“I knew a guy that used to work in the stockyards and he used to kill cows all day long with a big sledgehammer, and then go home at night and eat dinner with his children and eat the meat that he slaughtered. Then he would go to church and read the bible, and he would say, ‘That is not killing.’ And I look at him and I say, ‘That doesn’t make any sense, what you are talking about? Then I look at the beast, and I say, ‘Who is the beast?’”-Charles Manson
The utopic spirit of the sixties in Los Angeles was epitomized by The Source, Jim Baker’s health-centered and first-ever vegetarian restaurant located on the Sunset strip. Baker went on to form his own commune in the hills, and like Baker, many people were starting or joining quasi collectives that were looking into alternative lifestyles that included things such as ‘organic vegetarian diets, communal living, and utopian ideals.’ Many of these initial late sixties experiments in unconventional living turned darkly pessimistic by the early seventies with the likes of the quasi-commune leader Charles Manson and his paranoid delusional concept of Helter Skelter. And after almost fifty years, there have been many more examples and failed attempts by mostly male (and mostly white) leaders (Heaven’s Gate, The People’s Temple, Children of God, Branch Davidians, Rajneeshpuram, Buddhafield, etc) establishing separatist cult-like groups which many times ended up convincing their own members to make deranged if not terrifyingly self-destructive choices.
Cults, in general, are often a poor expedient for many vulnerable individuals who likely have deep needs for membership, spiritual transcendence, or general life purpose and who, for whatever reason (having experienced trauma at the hands of family, being excluded by traditional institutions, or feeling rejected socially) fell for the various promises that often get peddled by the predatory charisma of a self-appointed leader. But cults are also a more drastic version of what most humans need; a sense of community, some (higher) calling outside of the self, and some form of meaningful action. Jim Baker’s stroll down cult lane started with just such a desire for a community that was in the business of raising consciousness which started with an earnest approach to a diet where all things edible should be ethical. Of course, setting aside Baker’s two separate murder charges and the constant presence of underaged girls at his Los Feliz mansion, The Source and its health mission for a diet and higher consciousness still very much resonate with many in Los Angeles. We are a city where people often, in their quest for greater self-fulfillment, professionally and personally, inevitably end up knocking on the door of some of his and general wellness practices.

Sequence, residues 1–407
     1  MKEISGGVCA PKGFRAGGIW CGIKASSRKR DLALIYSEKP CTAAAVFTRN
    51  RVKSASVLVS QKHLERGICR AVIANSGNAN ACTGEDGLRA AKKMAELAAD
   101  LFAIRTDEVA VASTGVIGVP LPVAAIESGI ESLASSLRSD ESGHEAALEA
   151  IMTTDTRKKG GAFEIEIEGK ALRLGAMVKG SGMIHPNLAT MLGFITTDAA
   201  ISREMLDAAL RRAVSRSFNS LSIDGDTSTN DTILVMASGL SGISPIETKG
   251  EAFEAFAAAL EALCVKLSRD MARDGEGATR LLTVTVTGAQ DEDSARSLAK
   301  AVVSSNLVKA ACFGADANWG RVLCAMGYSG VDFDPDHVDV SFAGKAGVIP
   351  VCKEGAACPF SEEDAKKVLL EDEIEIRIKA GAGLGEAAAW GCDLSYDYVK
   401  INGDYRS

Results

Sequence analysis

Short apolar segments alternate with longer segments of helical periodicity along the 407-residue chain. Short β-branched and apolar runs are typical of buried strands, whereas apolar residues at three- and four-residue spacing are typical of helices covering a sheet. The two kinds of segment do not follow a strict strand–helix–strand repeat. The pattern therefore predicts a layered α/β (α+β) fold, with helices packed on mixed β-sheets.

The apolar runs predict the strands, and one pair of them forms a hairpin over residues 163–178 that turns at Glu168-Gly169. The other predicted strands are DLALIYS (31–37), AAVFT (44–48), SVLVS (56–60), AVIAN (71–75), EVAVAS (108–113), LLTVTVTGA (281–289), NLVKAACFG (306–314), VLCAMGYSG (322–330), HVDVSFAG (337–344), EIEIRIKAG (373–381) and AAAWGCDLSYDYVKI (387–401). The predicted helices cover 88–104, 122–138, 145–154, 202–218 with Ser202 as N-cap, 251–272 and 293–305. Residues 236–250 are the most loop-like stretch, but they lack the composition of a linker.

For The Source’s Special Sauce, we want to ask when a particular ‘cult of diet’ becomes a formalized diet of a cult? The Source and those groups living in Los Angeles during the sixties striving for their own “heaven on earth,” were wellness 1.0, where the symbiosis between stomach and spirit as just beginning. Fast forward to Los Angeles today, we live in a commercialized wellness buffet, picking and choosing the most ‘optimal’ diet as a prerequisite to our greater project of self-actualization. Our wellness mysticism includes a holistic blueprint of the human with full tech-support, where biometrics are everywhere helping us sync our circadian rhythm cravings with our infrared light baths for when our mitochondria have the munchies, to when we just need a quick collagen peptide juice smoothie to replenish our selves after a stemcell spa day right before our ‘Serenity Now’ weekend workshop. Even more ambitiously, “intentional communities” (often white) are again popping up around the country, from Cedar Moon in Portland to the East Wind Community in the Ozarks, with young folks “defecting” from ‘Babylon’ (what they call urban living), to reside in a place that is literally farm to table, much of what The Source espoused and practiced. The cults are back baby! But they’ve dropped the c-word because these new organizations are shrewdly self-aware, politically woke and using metadata, digital marketing plans, and entrepreneurship seminars! This is Wellness 3.0!
So, whether it’s the cult of the self-optimization diet by the ‘biohacking’ bros exemplified by the Bulletproof diet founder Dave Asprey, those younger earnest millennials ‘checking out’ of capitalism to join commune 2.0 or the much murkier intentions behind self-actualization organizations like Landmark Worldwide and their Tony Robbin inspired “Executive Success Program” for the managerial class to reclaim their ‘purpose,’ won’t you join Los Angeles Eats Itself as we attempt the impossible and try to sincerely, but not too earnestly, build a better cult out of some of these activated charcoal ashes?